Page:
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BPA: 2019 will be about more than just Brexit

British Ports Associations (BPA) Chief Executive Richard Ballantyne has outlined the Association’s key priorities for 2019. The BPA is looking at challenges and opportunities facing UK ports beyond Brexit this year, although potential new border controls, changes to environmental and regulatory rules and a new fisheries policy remain as major themes for the industry in 2019.

BPA stated it is keen to focus on port sector promotion, increased public transport investment, planning/consenting improvements and issues around people and safety which will all be priorities for all ports across the UK.

Outlining the BPA’s key aims and on Brexit, Mr Ballantyne said: “2019 will be another critical year for UK ports and in the coming months we should start know what Brexit will look like. UK ports provides important international gateways for goods and passengers and it is essential that the industry features highly in the Government’s Brexit considerations. This is particularly important to pro-trade facilitation measures in relation to any new border control processes at British ports and especially at the UK’s network of Roll-on Roll-off ferry ports which facilitate much of the UK’s European trade.”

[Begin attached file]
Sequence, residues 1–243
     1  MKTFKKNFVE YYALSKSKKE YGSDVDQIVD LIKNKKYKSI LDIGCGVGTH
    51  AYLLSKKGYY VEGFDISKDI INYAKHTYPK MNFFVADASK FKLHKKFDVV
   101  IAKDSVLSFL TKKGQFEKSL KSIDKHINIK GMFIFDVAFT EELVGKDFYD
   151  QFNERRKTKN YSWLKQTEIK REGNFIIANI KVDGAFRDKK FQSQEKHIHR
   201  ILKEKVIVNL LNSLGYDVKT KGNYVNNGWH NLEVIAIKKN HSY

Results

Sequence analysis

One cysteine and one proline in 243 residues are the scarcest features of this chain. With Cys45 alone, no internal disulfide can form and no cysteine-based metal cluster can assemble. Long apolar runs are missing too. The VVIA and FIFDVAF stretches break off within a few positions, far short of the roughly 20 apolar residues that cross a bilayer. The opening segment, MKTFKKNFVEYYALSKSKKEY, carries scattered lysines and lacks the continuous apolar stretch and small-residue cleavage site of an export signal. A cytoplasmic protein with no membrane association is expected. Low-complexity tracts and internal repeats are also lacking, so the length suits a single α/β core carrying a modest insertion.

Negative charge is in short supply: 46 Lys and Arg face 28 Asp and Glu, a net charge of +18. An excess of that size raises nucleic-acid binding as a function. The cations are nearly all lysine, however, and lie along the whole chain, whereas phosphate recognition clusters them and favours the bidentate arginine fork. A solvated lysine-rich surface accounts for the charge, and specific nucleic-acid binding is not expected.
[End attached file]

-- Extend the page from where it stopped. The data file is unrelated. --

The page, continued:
Alongside Brexit the BPA has been promoting a ‘Port Zoning’ policy which the BPAwill be looking to evidence and provide further analysis on. Mr Ballantyne continued: “The BPA’s Port Development and Enterprise Zone concept is our vision is for areas around ports to be classified with a special planning, consenting, business and regulatory status to help stimulate port development and growth. The idea could see the growth of a network regional hubs around port and coastal locations across the UK. Ports themselves are often in areas of deprivation and economic need. Business, enterprise and skills incentives could be designed to help ports, tenants and connected businesses. Many of the rules in relation to environmental legislation and consenting stem from the EU and the BPA is encouraging policymakers to review how ports and coastal developers are regulated. There will also be opportunities to reach outside the industry and build in ‘Free Port’ free trade area designations into this where appropriate.”


Ballantyne highlighted the opportunity this presents, saying: “Ports rely on good hinterland connections but in recent years much of the public investment in transport has been allocated to passenger schemes. Last year the UK Department for Transport published its Port Connectivity Study, which was an excellent initiative assessing the transport needs of English ports. In 2019 we will be pressing the Government to prioritise transport spending on issues identified in the Study and encouraging the devolved administrations around the UK to consider similar initiatives. This covers links to major transport arteries in the Road Investment Strategy and particular challenges such as ‘last mile’ connections to ports.


We have called for a new UK freight strategy and are working closely with the National Infrastructure Commission on the development of their freight study and the Scottish National Transport Strategy Review, which we hope will lead to renewed focus on freight in terms of transport policy. Alongside this we are also encouraging Government to put in place a coastal shipping policy.”

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